In this seminar, we will embark on a journey into the colorful, mystical, and dangerous world of Russian folk fairy tales and mythology. Participants will be introduced to such beloved fairy-tale figures as Baba Yaga, Koshchei the Deathless, Snow Maiden, Vasilissa the Beautiful, Ivan the Fool, and the Firebird. We will also explore folk beliefs associated with various spirits residing in your house and the forest, such as domovoi, kikimora, leshii, and others. We will discuss the folk stories and establish their connection to ancient myths and superstitions. We will learn about various appropriations of these folk stories and characters in works of poetry and fiction, in musical compositions, in arts and crafts, and in films and cartoons, and we will touch upon their use in political propaganda and the tourist industry.
Participants will read selected fairy tales and short excerpts from Russian folklore studies. We will watch clips from operas, ballets, and cartoons, look at paintings and photographs, and listen to musical selections in class. Optional film screenings will be held in the afternoon.
Optional readings: Aleksandr Afanasyev, Russian Fairy Tales, Pantheon Books, Reissue edition, 1973 (ISBN:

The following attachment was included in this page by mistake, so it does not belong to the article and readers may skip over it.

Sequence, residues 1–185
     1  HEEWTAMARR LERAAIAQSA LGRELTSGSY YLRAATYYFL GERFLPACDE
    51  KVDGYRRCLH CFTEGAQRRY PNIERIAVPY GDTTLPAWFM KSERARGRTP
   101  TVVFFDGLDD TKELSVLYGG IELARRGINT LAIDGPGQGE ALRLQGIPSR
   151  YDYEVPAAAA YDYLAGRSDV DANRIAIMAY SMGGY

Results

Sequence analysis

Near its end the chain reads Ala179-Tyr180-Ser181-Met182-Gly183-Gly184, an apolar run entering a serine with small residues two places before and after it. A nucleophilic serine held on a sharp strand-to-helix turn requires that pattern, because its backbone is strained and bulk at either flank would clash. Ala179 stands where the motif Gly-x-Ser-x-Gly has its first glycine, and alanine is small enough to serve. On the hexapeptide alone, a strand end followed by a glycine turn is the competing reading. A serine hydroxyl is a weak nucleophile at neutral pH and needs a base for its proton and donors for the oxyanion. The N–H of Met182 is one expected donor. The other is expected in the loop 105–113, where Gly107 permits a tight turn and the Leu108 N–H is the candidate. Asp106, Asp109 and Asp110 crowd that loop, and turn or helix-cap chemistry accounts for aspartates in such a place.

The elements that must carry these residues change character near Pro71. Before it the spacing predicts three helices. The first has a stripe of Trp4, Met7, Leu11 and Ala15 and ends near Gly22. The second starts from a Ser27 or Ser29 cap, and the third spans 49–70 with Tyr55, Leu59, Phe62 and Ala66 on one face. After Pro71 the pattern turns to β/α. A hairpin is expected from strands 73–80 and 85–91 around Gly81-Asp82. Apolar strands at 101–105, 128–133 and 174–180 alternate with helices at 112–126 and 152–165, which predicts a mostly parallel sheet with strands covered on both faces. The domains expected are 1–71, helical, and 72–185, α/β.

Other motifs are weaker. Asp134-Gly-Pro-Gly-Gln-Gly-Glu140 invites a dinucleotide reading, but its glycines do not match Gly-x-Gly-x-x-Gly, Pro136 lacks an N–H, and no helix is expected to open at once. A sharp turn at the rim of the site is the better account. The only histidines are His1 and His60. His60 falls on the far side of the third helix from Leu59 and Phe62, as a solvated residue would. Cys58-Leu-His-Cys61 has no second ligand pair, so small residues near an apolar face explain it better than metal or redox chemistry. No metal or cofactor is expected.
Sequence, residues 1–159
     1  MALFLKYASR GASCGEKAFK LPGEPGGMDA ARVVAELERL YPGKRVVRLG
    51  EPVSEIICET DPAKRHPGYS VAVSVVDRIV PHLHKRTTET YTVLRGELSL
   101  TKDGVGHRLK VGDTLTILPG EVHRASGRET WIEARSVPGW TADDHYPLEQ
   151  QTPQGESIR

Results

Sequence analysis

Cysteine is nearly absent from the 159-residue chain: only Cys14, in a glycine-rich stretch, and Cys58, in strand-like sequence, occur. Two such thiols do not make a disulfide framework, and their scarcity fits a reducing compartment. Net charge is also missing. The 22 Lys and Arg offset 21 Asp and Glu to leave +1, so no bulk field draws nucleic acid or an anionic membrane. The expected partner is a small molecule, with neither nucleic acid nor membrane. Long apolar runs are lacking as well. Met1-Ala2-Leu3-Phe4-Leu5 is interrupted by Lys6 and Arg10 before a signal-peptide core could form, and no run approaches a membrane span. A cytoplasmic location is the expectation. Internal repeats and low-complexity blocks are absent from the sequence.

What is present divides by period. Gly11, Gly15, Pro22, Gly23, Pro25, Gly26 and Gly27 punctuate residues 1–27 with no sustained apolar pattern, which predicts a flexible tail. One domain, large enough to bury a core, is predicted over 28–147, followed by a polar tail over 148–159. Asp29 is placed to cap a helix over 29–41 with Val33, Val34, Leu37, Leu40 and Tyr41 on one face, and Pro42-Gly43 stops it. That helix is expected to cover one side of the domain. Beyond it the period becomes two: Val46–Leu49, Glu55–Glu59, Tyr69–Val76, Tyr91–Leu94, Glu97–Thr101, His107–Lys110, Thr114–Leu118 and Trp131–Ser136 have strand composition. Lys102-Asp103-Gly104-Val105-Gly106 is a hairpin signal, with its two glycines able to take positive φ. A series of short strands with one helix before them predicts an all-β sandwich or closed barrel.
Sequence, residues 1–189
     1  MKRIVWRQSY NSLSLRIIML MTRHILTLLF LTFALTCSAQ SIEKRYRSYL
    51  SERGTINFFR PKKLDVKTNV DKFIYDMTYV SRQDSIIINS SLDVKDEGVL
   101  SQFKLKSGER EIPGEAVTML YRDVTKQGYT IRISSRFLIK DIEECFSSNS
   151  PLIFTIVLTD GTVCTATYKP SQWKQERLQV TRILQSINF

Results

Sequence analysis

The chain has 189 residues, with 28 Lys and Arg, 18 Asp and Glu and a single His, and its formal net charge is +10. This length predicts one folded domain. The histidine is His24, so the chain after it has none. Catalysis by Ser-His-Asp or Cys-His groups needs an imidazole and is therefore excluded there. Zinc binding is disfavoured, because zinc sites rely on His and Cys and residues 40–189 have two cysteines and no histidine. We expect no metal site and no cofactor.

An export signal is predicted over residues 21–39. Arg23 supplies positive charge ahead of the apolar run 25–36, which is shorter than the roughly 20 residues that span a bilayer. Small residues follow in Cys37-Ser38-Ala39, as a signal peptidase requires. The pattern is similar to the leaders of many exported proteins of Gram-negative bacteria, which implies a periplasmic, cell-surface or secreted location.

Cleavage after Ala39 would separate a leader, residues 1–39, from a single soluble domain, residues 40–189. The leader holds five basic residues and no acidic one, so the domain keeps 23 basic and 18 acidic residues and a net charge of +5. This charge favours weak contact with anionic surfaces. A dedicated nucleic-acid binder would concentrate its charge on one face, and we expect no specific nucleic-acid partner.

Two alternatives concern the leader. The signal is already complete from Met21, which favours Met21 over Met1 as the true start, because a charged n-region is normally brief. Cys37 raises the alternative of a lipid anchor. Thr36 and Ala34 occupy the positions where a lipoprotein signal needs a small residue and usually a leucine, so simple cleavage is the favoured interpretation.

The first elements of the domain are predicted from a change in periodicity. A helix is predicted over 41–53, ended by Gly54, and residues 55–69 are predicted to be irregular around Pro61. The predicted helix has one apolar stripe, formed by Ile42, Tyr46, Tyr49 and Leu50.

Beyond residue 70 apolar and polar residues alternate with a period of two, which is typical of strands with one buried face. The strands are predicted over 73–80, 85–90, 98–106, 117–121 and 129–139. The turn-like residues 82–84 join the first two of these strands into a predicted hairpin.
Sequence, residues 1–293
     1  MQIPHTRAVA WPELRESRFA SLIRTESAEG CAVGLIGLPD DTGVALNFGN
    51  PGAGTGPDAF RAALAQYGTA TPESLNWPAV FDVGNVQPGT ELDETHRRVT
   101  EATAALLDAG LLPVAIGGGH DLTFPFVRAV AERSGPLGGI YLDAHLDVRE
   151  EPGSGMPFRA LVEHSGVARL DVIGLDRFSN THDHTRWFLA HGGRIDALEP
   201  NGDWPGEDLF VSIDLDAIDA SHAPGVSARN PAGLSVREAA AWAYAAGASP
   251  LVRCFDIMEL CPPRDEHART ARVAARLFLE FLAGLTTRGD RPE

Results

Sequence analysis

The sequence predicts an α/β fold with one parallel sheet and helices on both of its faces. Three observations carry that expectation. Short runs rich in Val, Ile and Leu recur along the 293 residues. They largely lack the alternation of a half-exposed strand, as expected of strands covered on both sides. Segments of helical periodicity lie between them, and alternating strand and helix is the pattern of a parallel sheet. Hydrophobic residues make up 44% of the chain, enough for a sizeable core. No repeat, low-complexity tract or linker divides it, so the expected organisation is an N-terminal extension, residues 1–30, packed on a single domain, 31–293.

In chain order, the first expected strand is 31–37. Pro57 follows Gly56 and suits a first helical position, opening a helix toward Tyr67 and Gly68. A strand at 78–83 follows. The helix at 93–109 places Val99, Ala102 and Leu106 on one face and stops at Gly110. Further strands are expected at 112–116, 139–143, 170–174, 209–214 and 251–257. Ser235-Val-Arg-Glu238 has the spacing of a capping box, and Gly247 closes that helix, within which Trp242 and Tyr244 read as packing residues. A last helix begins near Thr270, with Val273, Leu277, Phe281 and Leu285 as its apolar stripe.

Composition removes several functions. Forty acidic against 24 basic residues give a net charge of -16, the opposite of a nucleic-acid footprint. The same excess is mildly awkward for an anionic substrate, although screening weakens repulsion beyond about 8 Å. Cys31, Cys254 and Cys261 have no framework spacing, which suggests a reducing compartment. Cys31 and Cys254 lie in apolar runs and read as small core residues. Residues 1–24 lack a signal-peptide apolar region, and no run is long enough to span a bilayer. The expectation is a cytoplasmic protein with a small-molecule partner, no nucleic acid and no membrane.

Linda J. Ivanits, Russian Folk Belief, Routledge: First Paperback Printing edition, 1992 (ISBN: 978-0873328890)
Victoria Kononova is Assistant Professor of Russian at Lawrence University. She is originally from Velikie Luki, Russia. During her undergraduate studies at Lomonosov Moscow State University, she participated in summer folklore expeditions to distant Russian villages, where she collected stories about nature spirits, local saints, and mystical forefathers. She also sang in a folk ensemble. She received her Ph.D. from University of Wisconsin-Madison in 2018. Her research explores appropriation of folklore in Russian literature, music, and arts in the late nineteenth century as part of Russian society’s search for national authenticity.